One of last year’s most interesting tastings was organized by the Danish on line wine shop WineFinder in collaboration with the Swede Fredrik Rudebeck, owner of the oldest négociant firm, Maison Beyerman, which dates back to 1620! Fifty Bordeaux chateaux were present.
From the late 1960s, almost all of the chateaux take care of their own work when it comes to production, storage and bottling. However, when it comes to the sales part over seventy percent of the wine production in Bordeaux is sold by the 400 negociants to buyers around the world.
A peculiarity for Bordeaux is that every year in early April a so-called en primeur tasting takes place show-casing last year’s harvest which is still in the barrel. This is when the quality of the vintage is evaluated, the prices are set, and the buyers can order and pay in advance for wines that they will get delivered 1 ½ to 2 years later.
A combination of global warming, green harvest (you cut off some of the bunches to increase concentration), reduction of the foliage so that the remaining grapes will get more sun, has resulted in harvest taking place later than before. This means riper grapes and more concentration and therefore higher alcohol. An alcohol content that in the past normally reached 12% today reaches 14.5%. Is that good or bad? Hard to say, but some wines are more similar to wines from the USA or Australia than from Bordeaux. But nevertheless, the climate in Bordeaux is unreliable. The 2000s began with the fine vintages of 2000, 2005, 2009, and probably the best of them all, the 2010. Then came a number of weaker years before the vintage 2015 arrived which is similar to those of 2005 and 2009. Despite this, we were told during the tasting that the 2015 vintage does not have the same ageing potential as the 2010!
About fifty chateaux attended the tasting with the latest vintage 2015 as barrel samples as well with some older vintages of varying age.
One interesting thing about this type of tasting is that most of the wines feel quite accessible despite their young age. The quality of almost all wines from 2015 is very good regardless of price. One can notice that the more prestigious chateaux use more new oak that gives more tannins, and because of this, requires longer ageing. When you have the opportunity to try many the of older vintages, it is easy to note that vintages 2011, 2012 and 2013 offer a lot of rather weak cards, while the 2010s continue to impress!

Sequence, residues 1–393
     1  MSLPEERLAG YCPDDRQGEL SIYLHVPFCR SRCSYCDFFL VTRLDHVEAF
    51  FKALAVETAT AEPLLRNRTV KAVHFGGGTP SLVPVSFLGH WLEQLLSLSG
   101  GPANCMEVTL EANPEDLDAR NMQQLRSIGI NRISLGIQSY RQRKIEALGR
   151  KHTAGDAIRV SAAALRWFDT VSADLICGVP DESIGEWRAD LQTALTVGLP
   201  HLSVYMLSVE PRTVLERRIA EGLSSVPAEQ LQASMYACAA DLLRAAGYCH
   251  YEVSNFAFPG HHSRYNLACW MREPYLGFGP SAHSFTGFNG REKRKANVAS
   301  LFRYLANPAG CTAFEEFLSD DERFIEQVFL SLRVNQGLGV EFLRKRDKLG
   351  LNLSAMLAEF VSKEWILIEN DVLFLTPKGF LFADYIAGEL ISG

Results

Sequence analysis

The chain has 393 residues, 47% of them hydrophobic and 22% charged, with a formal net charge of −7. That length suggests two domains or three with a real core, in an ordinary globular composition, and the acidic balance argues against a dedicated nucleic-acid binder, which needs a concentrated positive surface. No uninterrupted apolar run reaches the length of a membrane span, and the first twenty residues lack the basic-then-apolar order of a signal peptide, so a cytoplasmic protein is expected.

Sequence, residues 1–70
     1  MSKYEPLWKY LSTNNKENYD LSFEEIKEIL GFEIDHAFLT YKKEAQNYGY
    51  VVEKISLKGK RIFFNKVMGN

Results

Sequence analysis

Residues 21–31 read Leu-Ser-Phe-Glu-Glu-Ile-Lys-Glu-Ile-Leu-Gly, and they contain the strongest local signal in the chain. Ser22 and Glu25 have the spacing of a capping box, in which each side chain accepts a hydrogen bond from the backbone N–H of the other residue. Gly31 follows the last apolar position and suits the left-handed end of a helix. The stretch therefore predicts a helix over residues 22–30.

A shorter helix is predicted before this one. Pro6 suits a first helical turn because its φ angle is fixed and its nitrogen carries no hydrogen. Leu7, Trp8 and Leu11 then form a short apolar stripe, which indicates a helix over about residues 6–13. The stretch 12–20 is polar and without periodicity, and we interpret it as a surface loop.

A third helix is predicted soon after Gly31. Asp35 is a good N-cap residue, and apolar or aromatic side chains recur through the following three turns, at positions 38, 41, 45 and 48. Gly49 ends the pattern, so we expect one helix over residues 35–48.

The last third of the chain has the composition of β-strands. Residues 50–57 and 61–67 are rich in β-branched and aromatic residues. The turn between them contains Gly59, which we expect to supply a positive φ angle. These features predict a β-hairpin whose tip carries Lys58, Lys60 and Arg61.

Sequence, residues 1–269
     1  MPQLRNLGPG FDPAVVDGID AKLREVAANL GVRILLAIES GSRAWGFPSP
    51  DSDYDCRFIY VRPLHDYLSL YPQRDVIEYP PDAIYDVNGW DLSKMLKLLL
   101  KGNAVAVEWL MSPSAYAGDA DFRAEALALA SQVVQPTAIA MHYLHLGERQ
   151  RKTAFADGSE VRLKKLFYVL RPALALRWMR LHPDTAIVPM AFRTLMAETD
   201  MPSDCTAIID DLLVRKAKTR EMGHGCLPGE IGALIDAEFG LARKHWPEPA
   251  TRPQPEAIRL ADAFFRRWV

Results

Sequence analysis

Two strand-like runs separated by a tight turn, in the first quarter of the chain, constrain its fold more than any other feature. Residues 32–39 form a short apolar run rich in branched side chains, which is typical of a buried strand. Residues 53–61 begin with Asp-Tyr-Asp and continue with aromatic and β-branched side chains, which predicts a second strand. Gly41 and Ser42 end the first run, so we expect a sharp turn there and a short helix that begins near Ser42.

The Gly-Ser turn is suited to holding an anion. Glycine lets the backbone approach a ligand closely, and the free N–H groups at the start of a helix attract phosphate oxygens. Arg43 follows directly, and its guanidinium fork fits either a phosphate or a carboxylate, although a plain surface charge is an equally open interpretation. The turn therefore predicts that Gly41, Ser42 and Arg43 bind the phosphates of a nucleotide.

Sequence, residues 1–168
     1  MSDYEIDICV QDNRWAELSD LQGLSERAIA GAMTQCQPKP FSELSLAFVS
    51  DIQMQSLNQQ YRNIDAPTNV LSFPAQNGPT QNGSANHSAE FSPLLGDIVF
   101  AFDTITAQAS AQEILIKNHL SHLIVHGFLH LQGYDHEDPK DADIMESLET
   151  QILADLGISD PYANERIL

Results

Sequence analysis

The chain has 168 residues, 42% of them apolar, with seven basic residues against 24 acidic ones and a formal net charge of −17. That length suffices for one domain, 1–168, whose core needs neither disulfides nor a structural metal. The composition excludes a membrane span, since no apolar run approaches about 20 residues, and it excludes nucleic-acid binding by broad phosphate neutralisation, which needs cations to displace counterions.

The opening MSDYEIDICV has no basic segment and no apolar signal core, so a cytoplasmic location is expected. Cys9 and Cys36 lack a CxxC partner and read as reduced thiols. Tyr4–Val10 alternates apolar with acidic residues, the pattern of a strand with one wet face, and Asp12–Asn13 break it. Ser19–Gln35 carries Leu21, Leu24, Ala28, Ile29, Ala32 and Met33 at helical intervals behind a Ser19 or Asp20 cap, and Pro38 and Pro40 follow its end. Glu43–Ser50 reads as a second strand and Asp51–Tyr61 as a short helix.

My ten best red wines of 2015 are the following wines:
- Chateau Beychevelle 2015 (~76€)
- Chateau Brane Cantenac 2015 (~67€)
- Château Canon 2015 (~201€)
- Château Chasse-Spleen 2015 (~30€, a bargain!)
- Chateau Giscours 2015 (~69€)
- Château Larrivet Haut-Brion 2015 (~35€, a bargain!)
- Château Léoville-Barton 2015 (~93€)
- Chateau Pichon-Longueville Baron 2015 (~145€ Best!)
- Chateau Rauzan-Ségla 2015 (~101€)
- Domaine de Chevalier 2015 (~81€)
Two best white wines:
- Domaine de Chevalier 2015 (~115€)
- Chateau Suduiraut 2015 (~69 €)
Best of the older vintages:
- Chateau Beychevelle 2008 (~129€)
- Chateau Cantemerle 2009 (~49 €)
- Château Coutet 2009 (~67€, lovely!)
- Chateau Giscours 2003 (~87€, powerful!)
- Château Petit-Village 2010 (~85€, top wine!)
- Chateau Pichon-Longueville Baron 2010 (~199€, top wine!)
- Chateau Rauzan-Ségla 2010 (~85€, top wine!)
- Chateau La Conseillante 2010 (~199€ top wine!)
All prices (indicative) are the price per bottle in an unopened box of 12 bottles, retail from Winefinder in Denmark.
We also tasted a number of older vintages in magnum. Here are my favourites.
- Château Canon 2005
- Chateau Beychevelle 2005
- Château Talbot 2002
- Château Léoville-Barton 2000
- Château Giscours 2004
- Château Suduiraut 2009
This year´s en primeur tasting had many visitors. According to Winefinder´s Magnus Ericsson there were a couple of hundred more visitors than previous year. Whether that is due to interest in the 2015 top vintage or to that Bordeaux is back in fashion, is a question that remains. In any case Winefinder is looking for a bigger place for next year’s en primeur tasting when the 2016 vintage is on the agenda. A vintage that is also brilliant!
Roland Eriksson writes on BKWine Magazine on wine tastings with wine merchants and importers in Sweden. Roland is the author of a book on cognac (A Handbook: Cognac, 2007, published in Swedish) and one on rum as well as one on tea.
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This post is also available in: Swedish